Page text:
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Station Marines dust off MCMAP skills with a little practice

By Pfc. M. Daniel Sanchez | | August 17, 2006

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Marines are world-renowned for their fierce fighting spirit, and units here are working to ensure no one forgets that.

Marines from across the station are taking Marine Corps Martial Arts Program refresher classes to advance themselves as warriors and leaders in hand-to-hand combat.

Headquarters and Headquarters Squadron and Marine Air Control Squadron 1 are two of the units on station that recently developed MCMAP sustainment classes to keep Marines combat ready.

Gunnery Sgt. Freddy King, Aircraft Rescue Firefighting crash chief, and Sgt. William Branstetter, aircraft rescue firefighter, have been volunteering for the past two months to teach MCMAP sustainment courses for station Marines.

Warrant Officer Philip Campitelli, MACS-1 radar maintenance officer, has also been taking time to keep his Marines well versed in the ways of the Marine warrior.

MCMAP is a very important element in developing discipline and moral and physical character that Marines will need when faced with a combat situation, said Branstetter.

It is also one heck of a way to work out, said Campitelli. Running three miles is great, but can Marines run through the obstacle course four or five times, then come out and perform the moves when necessary?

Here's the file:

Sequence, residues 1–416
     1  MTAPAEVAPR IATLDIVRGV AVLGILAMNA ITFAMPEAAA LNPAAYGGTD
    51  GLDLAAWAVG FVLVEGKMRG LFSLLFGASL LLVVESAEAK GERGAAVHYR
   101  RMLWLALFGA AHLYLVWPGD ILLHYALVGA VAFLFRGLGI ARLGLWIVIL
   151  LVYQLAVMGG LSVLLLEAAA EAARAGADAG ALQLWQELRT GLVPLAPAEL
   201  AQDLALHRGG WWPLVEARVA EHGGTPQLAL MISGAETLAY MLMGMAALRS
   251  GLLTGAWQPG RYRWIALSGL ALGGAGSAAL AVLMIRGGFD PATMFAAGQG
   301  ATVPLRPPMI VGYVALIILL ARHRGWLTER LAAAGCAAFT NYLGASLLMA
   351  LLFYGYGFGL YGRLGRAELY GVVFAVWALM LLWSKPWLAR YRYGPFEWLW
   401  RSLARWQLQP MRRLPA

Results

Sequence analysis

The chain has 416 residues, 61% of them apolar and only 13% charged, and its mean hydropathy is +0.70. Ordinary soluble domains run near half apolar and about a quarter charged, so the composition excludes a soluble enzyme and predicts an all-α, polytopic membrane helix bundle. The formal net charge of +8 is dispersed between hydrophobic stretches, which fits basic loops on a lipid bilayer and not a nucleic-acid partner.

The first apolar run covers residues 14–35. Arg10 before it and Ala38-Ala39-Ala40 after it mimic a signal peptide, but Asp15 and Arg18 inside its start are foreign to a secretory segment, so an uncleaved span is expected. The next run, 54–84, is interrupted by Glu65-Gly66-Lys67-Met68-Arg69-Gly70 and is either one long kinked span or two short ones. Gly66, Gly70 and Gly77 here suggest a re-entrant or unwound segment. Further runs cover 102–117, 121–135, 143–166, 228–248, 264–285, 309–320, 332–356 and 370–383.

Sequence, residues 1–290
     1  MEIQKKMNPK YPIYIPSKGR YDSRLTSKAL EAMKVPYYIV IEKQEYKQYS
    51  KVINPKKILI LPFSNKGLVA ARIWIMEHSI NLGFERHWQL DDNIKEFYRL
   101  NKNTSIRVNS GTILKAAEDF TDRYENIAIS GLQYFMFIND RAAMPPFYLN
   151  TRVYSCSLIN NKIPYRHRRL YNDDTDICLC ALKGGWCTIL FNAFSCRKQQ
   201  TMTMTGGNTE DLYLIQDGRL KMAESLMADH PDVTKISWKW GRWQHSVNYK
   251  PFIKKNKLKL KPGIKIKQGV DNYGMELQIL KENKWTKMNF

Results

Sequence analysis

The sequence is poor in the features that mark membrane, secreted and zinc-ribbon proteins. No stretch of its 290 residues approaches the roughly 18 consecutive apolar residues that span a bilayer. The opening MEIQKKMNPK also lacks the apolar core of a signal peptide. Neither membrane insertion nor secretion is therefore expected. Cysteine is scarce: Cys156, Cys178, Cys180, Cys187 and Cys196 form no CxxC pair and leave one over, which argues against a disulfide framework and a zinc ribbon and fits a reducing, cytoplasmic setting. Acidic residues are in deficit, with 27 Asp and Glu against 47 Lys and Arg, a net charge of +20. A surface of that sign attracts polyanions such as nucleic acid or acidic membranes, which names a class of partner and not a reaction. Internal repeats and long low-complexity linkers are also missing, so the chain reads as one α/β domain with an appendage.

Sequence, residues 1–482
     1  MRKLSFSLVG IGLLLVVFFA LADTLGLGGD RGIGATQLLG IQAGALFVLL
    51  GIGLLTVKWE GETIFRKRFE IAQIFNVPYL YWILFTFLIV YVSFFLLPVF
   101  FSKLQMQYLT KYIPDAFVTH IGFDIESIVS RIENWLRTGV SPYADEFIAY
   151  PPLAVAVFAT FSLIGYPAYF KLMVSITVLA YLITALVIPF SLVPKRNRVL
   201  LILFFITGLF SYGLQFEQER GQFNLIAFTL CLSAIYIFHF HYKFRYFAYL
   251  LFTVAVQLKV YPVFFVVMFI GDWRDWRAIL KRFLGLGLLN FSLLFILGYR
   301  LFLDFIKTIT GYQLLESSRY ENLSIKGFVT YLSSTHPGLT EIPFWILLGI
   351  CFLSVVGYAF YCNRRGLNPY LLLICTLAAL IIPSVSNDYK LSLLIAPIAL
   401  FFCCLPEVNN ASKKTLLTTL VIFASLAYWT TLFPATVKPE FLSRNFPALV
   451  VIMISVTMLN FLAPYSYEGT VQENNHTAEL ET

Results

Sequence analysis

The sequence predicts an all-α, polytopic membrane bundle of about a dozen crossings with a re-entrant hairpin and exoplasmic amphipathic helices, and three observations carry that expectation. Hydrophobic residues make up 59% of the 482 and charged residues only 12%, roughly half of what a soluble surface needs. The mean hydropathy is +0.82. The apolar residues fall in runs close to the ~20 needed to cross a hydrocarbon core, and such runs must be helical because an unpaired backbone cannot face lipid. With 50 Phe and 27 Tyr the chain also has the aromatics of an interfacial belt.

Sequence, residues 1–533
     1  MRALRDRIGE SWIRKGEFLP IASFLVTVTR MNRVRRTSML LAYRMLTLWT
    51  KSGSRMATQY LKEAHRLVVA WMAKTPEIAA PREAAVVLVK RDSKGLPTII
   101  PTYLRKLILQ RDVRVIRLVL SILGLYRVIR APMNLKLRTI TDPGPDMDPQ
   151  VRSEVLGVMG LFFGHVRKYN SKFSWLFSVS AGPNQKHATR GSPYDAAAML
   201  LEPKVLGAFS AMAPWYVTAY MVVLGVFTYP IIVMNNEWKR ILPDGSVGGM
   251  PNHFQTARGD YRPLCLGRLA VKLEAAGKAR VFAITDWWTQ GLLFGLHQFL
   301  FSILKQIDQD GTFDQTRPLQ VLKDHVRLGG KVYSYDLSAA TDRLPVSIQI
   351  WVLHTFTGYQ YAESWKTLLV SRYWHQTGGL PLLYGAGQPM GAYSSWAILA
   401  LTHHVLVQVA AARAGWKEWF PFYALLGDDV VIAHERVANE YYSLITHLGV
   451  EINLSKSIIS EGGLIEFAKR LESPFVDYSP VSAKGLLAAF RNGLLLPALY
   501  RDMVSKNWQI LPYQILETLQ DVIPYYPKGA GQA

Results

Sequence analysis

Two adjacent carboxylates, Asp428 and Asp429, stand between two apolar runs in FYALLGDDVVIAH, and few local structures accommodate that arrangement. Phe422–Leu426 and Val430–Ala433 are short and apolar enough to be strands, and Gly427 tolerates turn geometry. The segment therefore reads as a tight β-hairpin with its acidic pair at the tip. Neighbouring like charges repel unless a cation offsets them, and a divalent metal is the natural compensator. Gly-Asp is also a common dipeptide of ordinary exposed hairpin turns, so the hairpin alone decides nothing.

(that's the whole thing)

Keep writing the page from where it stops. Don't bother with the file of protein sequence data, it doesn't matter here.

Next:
That’s what is expected of Marines -- to push through fatigue and pain and still perform.

The courses consist of about 20 minutes of warm-up exercises, running through the station’s obstacle course about once a week, and reviewing belt techniques.

“I want to see the Marines walk away with an increased sense of pride and a heightened level of confidence in their MCMAP abilities,” said Branstetter.

Marines are also given the opportunity to upgrade to the next belt level, said Branstetter.

As more and more Marines get deployed overseas, it becomes increasingly more important for Marines to prepare themselves for combat, said Cpl. Daniel Walters, aircraft rescue firefighter.

The instructors come out here twice each week and volunteer their time to teach the class, so Marines should take advantage of the opportunity while it’s around, said Walters.

The H&HS classes are taught Tuesdays and Thursdays from 5:30 a.m. to 7:30 a.m. at Ramada Field and are offered to all Marines. Campitelli said MACS-1 does not have a set schedule, but he would like to put one together for his Marines at the Cannon Air Defense Complex.

The class is for Marines who want to get that edge over their peers and take their combat training to the next level, said Branstetter. The instructors are eager to work with Marines of all belt levels from all over the station. It doesn’t matter what squadrons or sections they are part of, if they want to learn, all they have to do is show up.

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